- Formal operational stage: This is the stage in which kids begin to think abstractly, plan more strategy and utilize more complex problem-solving skills during play, Hovington says. It’s usually seen in kids aged 11 and up.
Beyond Parten’s and Piaget’s stages of play, there are many other different types of play important to child development. Read on to learn more about some distinct types of play, and what you can do to help guide your child’s development.
Children often start mimicking their parents in babyhood through games like peek-a-boo, which Scott says can help strengthen the parent-child bond. But around age 2, they’ll also start to imitate their peers. They might not be directly engaging with the other kids during imitative play, but they’re showing a new awareness of each other. You can encourage this type of play by incorporating rhyming games, songs and dance parties into your little one’s playtime, and creating opportunities for your child to play with slightly older kids.
“This is the classic type of play in the toddler to preschool years, when children might act as their favorite pretend or fantastical characters,” Maypole says. You can help inspire your child’s imagination by encouraging them to dress up, pretend to be a plane or an animal, set up an imaginary store or stage a show for the family. “It’s a wonderful way that children express their complex emotional inner landscape, revealing their inner concerns, fears, joys and confusions,” Boynton says. “It’s also a fabulous backdrop for practicing the elements of cooperative play, infused with the creative power of their burgeoning imaginations.”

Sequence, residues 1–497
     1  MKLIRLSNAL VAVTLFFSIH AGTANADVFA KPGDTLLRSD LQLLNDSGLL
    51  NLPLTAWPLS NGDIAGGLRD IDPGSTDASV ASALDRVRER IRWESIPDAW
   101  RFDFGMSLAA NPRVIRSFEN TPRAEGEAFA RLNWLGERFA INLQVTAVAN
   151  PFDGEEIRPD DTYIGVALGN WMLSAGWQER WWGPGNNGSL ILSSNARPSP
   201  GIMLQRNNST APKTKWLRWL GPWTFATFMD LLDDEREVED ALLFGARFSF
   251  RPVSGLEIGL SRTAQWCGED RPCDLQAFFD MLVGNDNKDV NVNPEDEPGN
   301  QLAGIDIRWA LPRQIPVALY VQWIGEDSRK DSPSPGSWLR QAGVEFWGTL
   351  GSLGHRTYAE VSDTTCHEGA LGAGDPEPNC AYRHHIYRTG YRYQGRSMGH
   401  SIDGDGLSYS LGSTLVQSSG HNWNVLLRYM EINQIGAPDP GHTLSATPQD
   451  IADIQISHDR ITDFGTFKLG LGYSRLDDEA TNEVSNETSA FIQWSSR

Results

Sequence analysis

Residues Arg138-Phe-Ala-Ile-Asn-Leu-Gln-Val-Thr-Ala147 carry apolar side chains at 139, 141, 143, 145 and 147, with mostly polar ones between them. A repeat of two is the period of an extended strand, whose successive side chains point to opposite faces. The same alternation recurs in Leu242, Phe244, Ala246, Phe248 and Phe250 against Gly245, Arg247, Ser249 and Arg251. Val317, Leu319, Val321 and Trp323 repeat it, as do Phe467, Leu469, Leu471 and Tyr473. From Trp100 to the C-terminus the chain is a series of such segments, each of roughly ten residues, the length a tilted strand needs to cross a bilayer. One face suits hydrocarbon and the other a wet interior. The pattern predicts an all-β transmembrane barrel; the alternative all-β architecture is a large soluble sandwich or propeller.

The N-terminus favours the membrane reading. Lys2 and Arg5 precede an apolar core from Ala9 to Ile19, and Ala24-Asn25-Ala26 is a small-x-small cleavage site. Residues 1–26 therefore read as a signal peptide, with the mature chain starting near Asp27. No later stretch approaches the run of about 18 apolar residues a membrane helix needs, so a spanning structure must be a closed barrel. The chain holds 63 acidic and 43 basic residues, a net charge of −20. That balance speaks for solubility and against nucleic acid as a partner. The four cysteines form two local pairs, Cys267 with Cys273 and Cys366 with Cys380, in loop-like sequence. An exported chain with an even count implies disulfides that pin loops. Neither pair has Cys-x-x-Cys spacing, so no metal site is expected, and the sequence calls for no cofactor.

Children don’t really grasp the concept of winning and losing until age 4 or 5, which is when competitive play can kick in. In supportive environments, a little competition can be healthy, Scott says, since it helps kids understand that losing isn’t the end of the world. To introduce your child to the notion of winning, losing and taking turns, start with a simple board game like Candy Land. If even that seems too upsetting, try a game where players are on the same team working toward a common goal, like Richard Scarry’s Busytown Eye Found It or the Sneaky, Snacky Squirrel Game.
The American Academy of Pediatrics (AAP) recommends that children 6 and up get at least one hour of physical activity each day. Not only does it help little ones burn off energy, but studies have also shown that physically active kids are more likely to become active adults. It also helps kids improve balance, coordination and cardiovascular health, Shaheen says. Playing tag, climbing playground gyms, kicking around balls and playing hopscotch are all great ways for kids to get active and strengthen their muscles. Rough-and-tumble play (also called horseplay or big-body play) is a specific kind of physical play that can involve wrestling or pretend fighting. Rough play can also help children release energy, satisfy their need for close physical contact and encourage them to take appropriate risks. Just be sure to supervise.